A rocket car that can potentially travel at more than 1,000 miles an hour is to be tested at Newquay airport.
Experts at the Bloodhound project plan to fire up the 1,050mph car's complete rocket system for the first time today, ahead of a world land speed record attempt.
The vehicle is powered by an 800bhp engine in the middle, a Typhoon jet fighter's engine at the rear and a Falcon rocket attached to the top.
News of the test should prove a huge boost for Newquay's new aviation industry Enterprise Zone, known as the Newquay Aero-hub.
A spokesman for the airport said: "The event represents the most significant milestone yet in the development of the Bloodhound Supersonic Car. The team will also be launching its new website and The Science Behind The Speed – a coffee-table book telling the design story of the world's first 1,000mph car."
Jules Tipler, Bloodhound's spokesman, said project chiefs had looked at a range of possible testing sites across the UK.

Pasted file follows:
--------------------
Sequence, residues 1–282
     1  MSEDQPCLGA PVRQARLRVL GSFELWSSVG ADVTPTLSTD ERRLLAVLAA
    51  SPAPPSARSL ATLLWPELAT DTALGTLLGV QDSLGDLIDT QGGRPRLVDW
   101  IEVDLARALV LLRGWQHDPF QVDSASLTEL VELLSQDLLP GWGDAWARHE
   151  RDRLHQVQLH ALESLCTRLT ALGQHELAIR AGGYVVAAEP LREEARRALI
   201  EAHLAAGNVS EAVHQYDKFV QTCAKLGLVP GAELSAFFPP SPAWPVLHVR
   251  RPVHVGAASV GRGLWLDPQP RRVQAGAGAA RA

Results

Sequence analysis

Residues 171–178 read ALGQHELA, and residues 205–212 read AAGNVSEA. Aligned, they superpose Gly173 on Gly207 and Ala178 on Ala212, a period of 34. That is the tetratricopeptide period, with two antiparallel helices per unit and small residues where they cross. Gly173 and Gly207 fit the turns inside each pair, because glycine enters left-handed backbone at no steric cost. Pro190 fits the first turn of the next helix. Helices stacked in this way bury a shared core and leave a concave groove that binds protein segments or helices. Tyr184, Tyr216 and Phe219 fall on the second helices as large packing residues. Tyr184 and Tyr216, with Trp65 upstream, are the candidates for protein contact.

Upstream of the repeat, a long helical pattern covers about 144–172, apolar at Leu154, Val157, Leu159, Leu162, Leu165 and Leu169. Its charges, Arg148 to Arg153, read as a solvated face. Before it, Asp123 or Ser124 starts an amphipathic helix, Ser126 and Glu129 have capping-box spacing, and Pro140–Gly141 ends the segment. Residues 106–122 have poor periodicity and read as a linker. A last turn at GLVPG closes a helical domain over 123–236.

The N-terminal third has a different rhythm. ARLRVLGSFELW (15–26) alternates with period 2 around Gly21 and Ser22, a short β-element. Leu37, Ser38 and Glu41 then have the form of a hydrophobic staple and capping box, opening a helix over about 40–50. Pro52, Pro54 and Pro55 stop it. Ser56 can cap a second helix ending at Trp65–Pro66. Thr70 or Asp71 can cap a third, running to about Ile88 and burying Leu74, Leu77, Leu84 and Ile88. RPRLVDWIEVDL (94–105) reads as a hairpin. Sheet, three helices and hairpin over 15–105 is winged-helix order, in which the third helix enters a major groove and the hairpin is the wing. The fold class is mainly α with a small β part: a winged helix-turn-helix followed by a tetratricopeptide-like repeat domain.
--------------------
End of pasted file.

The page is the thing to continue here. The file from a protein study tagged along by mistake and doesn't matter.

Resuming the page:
He said the car would be on wheels by around Christmas and there were plans for tests at various locations.
Once built, it is hoped the Bloodhound car will top 1,000mph on a specifically chosen surface in South Africa, trouncing the current world land speed record of 763mph.
Mr Tipler said: "We intend to do about 12 months of runway tests; then we'll go to South Africa in 2014, where we have a dried-out lake bed to carry out the high-speed tests.
"We'll go up from 300mph to 400, then 500 and so on. Our goal is to try and make 1,000mph.
"We're pretty confident – we have some very clever engineers on the project – although nothing like this has ever been done before. It's a huge challenge."
The Bloodhound project is funded through public and corporate sponsorship. It is aimed at encouraging young people to take an interest in science and technology.